The “Oscars” of watchmaking is held every year in Geneva, an event known as the GPHG. This event is not largely known nor followed outside of watchmaking circles, but it is a big deal for all within the industry. Each year a “Jury” is selected to judge a number of watch entries in various categories. I was really happy and nicely surprised to see that Ben Clymer of Hodinkee has been selected to sit on the GPHG jury this year. Yes, a blogger, judging the 2013 Grand Prix. John Mayer (you know him as the heartthrob musician, but he is also a Hodinkee columnist) is also on the GPHG jury.
For anyone, sitting on the GPHG is a true honor, but for someone like Clymer who started out as a blogger, it is a really big deal. It is first and foremost an affirmation that what Hodinkee is doing matters, what Hodinkee is doing is resonating across the industry. Beyond this, it is also a sign that digital media is finally gaining respect as a legitimate media outlet in the watch world. Although there is still ambivalence from the industry toward blogs and forums in general (and more so towards all the shady online grey market dealers), the general level of respect given to today’s higher quality online watch media sites simply did not exist five years ago.
Although there is a huge range of quality in the online world (it’s the nature of the beast), I think that the emergence of a handful of high quality blogs within the last five or so years — curating high quality content and providing informed, independent opinions of value to watch enthusiasts and collectors — not only raised the bar on the quality of forum content (which itself still varies widely) but really legitimized digital media coverage of the watchmaking industry. It is nice to see that those who rise to the top given their due respect.
From one “blogger” to another — Congrats Ben, congrats Hodinkee. Keep up the good work.
Christophe Claret’s unique piece for the Only Watch 2013 auction is definitely among the more eye-catching. The “Pinball” is an evolution on the X-TREM-1 which debuted last year; new of course is the gaming theme. We of course know that Christophe Claret likes his gambling — he has has turned a lot of heads with his casino-themed pieces (21-Blackjack, Baccara). The X-TREM-1 Pinball is along these lines.
On the new X-Trem-1 there are now two metal cages (pinball style!) which contain the magentically maneuvered balls that mark the hours and minutes. The rectangular “dial” of the watch also plays on the pinball theme with whimsically decorated gear wheels, and there is even a “Tilt” marker at the top of the case. Like the original X-TREM-1, the winding and setting of the watch is done from the back of the case.
The watch has a flying tourbillon inclined at a 30° angle, mounted on a three-dimensional curved mainplate. Check out my original article to see how it all works (including one of Claret’s dramatic though informative videos).
X for eXperimental
T for Time
R for Research
E for Engineering
M for Mechanism
Of the 24 or so unique pieces that I have seen thus far for Only Watch 2013, this piece from Christophe Claret is certainly among the more interesting and will fetch among the highest of prices, easily into the triple digits and I’d guess upwards of $500,000 (the Only Watch unique pieces go for a premium by virtue of them being unique pieces and also for a charitable cause). However I still believe that the titanium Patek Philippe Ref. 5004 that I showed you last week — also a very intriguing piece — is still likely to be the top seller.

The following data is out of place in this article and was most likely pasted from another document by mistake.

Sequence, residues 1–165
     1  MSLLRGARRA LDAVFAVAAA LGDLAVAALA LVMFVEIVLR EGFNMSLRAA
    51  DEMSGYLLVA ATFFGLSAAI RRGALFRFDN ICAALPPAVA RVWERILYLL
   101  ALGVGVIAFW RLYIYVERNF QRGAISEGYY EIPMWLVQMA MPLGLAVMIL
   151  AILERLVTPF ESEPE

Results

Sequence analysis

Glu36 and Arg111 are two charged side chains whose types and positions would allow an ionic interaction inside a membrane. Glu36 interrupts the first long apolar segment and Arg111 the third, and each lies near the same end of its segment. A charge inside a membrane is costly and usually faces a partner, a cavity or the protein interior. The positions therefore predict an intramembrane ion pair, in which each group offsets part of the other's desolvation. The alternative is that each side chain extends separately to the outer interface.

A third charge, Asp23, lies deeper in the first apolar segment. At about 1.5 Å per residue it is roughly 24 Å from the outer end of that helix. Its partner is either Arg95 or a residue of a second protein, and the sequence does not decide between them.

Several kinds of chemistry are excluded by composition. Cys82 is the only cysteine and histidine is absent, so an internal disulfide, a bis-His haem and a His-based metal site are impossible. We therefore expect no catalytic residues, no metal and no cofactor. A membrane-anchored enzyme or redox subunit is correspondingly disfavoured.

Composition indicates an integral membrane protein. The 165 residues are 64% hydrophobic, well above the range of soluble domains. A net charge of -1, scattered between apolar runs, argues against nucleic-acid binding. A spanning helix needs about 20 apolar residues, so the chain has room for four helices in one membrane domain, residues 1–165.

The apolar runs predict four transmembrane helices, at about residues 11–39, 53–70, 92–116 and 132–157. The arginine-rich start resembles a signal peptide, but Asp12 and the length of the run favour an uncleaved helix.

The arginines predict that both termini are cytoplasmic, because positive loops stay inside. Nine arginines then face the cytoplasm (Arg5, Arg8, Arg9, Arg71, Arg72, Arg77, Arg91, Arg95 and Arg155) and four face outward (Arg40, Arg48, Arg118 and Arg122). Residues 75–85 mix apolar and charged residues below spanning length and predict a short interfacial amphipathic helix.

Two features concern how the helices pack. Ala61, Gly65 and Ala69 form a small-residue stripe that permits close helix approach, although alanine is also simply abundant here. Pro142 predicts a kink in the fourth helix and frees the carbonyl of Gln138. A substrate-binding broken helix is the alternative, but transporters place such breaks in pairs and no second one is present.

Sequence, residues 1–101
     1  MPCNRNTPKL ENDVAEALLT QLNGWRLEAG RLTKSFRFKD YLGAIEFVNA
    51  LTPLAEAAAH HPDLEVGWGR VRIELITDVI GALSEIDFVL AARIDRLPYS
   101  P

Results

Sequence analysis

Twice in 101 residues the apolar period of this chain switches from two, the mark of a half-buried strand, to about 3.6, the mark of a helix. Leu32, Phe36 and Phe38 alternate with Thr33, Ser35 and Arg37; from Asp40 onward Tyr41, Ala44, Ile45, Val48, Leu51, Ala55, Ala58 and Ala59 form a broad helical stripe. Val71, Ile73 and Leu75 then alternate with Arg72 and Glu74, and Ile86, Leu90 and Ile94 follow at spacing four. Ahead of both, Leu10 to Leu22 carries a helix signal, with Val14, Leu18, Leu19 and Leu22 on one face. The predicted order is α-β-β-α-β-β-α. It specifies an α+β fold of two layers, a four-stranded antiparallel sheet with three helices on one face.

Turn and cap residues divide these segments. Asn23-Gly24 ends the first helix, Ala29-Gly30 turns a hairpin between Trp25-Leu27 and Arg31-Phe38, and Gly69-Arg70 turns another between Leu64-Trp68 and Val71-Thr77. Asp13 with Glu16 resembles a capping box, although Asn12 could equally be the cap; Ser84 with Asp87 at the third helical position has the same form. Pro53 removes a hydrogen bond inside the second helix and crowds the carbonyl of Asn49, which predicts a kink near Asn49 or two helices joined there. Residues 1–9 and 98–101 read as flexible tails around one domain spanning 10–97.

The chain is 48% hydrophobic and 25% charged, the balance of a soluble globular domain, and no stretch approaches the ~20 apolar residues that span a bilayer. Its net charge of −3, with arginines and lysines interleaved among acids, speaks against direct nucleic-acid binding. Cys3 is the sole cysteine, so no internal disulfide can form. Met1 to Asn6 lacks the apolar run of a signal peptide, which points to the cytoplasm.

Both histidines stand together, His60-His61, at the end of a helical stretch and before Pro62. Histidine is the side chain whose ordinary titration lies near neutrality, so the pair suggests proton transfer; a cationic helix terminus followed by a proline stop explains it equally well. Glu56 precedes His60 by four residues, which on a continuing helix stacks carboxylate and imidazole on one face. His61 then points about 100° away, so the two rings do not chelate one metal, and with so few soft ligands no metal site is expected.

Just over a month ago I introduced you two Linde Werdelin’s newest pieces, the “Tech Green” and “Tech Gold”. These new watches are part of the SpidoLite II family and feature a forged carbon case in combination with a proprietary ultra-light alloy inner case. I think that the term “Carbon Tech” is a better and more exciting descriptor of this watch, but that’s just me. Anyway, as I said in my initial introduction of the SpidoLite carbon tech, the materials innovation here is a perfect fit for LW’s already high-tech, modern sport watches. My favorable impression of these watches was reinforced when I met with Linde Werdelin a few weeks ago at Baselworld. Below are some hands on pics along with a bit of commentary and ordering information.
click through for hands on look at the SpidoLite II with carbon case
Perpetuelle readers know that I am a fan of Dodane (see my earlier reviews here), the little known but promising watchmaker from the Besançon region of France (right by the Swiss border). In fact, the more I see from the brand the more I like it. For those of you in the Baltimore / Washington DC / Annapolis area, a special event is being hosted at Little Treasury Jewelers this coming Wednesday, May 22, 2013. If you are in the area and can make the event, it would be totally worth your time.
The U.S. distributor for Dodane (and friend of Perpetuelle) Totally Worth It will also be on hand. The event will feature, among other pieces, Dodane’s new Type 23 chronograph with yellow dial, #1 of the series. I absolutely love their yellow dial, specifically done to increase readability by a pilot — and striking enough to wear around town.